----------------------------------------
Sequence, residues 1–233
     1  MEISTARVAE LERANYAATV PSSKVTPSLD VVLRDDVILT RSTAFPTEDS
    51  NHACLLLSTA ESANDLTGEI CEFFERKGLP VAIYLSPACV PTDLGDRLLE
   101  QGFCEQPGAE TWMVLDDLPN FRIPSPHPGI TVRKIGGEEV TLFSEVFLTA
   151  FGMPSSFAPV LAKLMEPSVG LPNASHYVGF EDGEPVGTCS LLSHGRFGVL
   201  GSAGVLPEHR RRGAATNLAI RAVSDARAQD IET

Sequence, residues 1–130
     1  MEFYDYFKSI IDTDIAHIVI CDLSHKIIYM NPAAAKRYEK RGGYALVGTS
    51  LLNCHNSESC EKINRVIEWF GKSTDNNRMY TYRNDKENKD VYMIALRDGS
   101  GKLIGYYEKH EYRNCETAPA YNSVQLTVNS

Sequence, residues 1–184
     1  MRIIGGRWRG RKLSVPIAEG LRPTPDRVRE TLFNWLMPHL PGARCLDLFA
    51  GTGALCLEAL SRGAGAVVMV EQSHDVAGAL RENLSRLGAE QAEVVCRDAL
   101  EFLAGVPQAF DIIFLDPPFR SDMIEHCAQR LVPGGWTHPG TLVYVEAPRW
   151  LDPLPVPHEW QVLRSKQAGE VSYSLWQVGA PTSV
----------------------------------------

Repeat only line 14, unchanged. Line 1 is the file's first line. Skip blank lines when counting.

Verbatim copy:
   101  EFLAGVPQAF DIIFLDPPFR SDMIEHCAQR LVPGGWTHPG TLVYVEAPRW